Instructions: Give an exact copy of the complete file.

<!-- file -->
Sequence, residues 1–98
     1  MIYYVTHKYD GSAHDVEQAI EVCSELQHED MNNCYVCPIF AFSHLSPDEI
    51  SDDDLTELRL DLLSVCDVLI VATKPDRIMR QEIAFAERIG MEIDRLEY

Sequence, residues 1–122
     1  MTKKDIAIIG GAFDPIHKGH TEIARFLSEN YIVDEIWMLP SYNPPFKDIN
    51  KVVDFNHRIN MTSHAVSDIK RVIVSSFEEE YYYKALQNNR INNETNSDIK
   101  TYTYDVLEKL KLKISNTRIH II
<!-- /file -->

Sequence, residues 1–98
     1  MIYYVTHKYD GSAHDVEQAI EVCSELQHED MNNCYVCPIF AFSHLSPDEI
    51  SDDDLTELRL DLLSVCDVLI VATKPDRIMR QEIAFAERIG MEIDRLEY

Sequence, residues 1–122
     1  MTKKDIAIIG GAFDPIHKGH TEIARFLSEN YIVDEIWMLP SYNPPFKDIN
    51  KVVDFNHRIN MTSHAVSDIK RVIVSSFEEE YYYKALQNNR INNETNSDIK
   101  TYTYDVLEKL KLKISNTRIH II